“Who can recall to me the sins I committed as a baby? For in your sight no man is free from sin, not even a child who has lived only one day on earth.”

Right here, you can see the disconnect from how we in modern times typically think about the actions of babies and things we do in early childhood. Generally speaking… as a society… the earlier in life you do something the less accountable you are for your actions…or at least the more we expect you to make mistakes so therefore the punishments are less… I mean this is why if an 8 year old kills someone they get 2 years in Juvi and if a 28 year old kills someone its 25 to life. But for Saint Augustine, from the time we set foot on terra firma for the first time were getting tried as adults. and he’s not just vilifying everyone else for the sins they committed as children and babies… like I said before… he spends huge chunks of entire books reading HIMSELF the riot act about all the bad things he used to do…he talks about his unquenchable desire for his mother’s milk as though he’s committing the sin of gluttony… he talks about all the needless and ungrateful COMPLAINING he did all the time just crying whenever he needed something. The deeper implication here, one that even adults can take something from… is that if we do something wrong and we didn’t know that it was wrong…that doesn’t SAVE us from God’s wrath. Plus, this sets a very useful precedent that regardless of how seemingly perfect your life has been from the moment when you were able to be mindful of your actions…you are still a sinner that needs God to save you from the lake of fire.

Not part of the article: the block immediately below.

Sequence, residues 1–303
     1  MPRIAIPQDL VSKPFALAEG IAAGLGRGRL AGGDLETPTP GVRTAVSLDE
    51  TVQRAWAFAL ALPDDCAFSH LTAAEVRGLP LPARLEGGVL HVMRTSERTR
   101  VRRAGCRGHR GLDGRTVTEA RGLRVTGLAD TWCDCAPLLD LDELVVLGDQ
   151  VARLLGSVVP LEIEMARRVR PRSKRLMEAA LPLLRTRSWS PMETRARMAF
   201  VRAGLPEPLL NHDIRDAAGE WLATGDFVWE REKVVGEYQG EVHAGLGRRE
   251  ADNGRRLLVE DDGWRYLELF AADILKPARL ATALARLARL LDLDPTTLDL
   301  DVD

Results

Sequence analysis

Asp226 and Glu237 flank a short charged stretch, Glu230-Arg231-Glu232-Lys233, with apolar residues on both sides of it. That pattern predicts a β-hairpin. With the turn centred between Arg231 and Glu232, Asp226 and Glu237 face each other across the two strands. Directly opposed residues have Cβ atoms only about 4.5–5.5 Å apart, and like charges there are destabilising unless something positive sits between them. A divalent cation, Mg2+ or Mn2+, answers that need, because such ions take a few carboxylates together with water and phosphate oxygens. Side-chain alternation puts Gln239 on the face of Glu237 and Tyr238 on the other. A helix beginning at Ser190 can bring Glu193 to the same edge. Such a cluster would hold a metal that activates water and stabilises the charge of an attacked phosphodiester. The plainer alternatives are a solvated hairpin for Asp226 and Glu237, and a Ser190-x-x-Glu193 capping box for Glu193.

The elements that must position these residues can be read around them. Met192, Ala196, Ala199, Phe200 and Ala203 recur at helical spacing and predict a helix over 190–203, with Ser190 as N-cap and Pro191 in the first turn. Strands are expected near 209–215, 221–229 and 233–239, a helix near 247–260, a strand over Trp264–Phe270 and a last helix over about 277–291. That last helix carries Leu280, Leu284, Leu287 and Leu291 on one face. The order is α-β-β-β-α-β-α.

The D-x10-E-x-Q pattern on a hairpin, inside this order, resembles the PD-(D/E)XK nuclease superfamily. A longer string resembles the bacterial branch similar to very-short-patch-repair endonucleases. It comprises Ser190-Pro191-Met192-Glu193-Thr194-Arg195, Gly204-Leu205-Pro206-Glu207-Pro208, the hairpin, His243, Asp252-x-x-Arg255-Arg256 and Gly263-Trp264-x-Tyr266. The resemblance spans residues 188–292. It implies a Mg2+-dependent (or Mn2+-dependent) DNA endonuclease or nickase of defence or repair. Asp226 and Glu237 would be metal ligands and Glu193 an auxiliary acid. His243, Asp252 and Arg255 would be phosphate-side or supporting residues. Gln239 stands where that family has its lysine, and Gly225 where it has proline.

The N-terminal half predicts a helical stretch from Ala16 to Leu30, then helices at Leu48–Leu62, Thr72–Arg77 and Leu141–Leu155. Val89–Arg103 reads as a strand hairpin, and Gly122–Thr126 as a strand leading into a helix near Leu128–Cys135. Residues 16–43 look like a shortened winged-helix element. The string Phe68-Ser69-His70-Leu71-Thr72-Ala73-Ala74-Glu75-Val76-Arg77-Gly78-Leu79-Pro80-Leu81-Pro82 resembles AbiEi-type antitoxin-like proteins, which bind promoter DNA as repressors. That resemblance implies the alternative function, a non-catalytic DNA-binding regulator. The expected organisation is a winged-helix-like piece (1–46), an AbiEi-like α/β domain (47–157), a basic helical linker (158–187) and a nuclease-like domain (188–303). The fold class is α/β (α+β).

In other words, no matter who you are or what age you are, you are flawed and in need of God’s grace to save you from your inevitable fate in Hell. This is what his mother Monica was telling him all throughout his childhood. And yet, he STILL remained skeptical. Luckily for him, his father saved up enough money to get him out of the house and be educated. But he was still a young man…a young man setting sail…making the philosophy scene…you know…hes a blank slate out there experiencing the world. Years later in his Confessions he would write about one of these places he went in his early life:

“I went to Carthage, where I found myself in the midst of a hissing cauldron of lust. Bodily desire, like a morass, and adolescent sex welling up within me exuded mists which clouded over and obscured my heart, so that I could not distinguish the clear light of true love from the murk of lust.”

He goes on later:

“This was the age at which the frenzy gripped me and I surrendered myself entirely to lust, which your law forbids but human hearts are not ashamed to sanction.”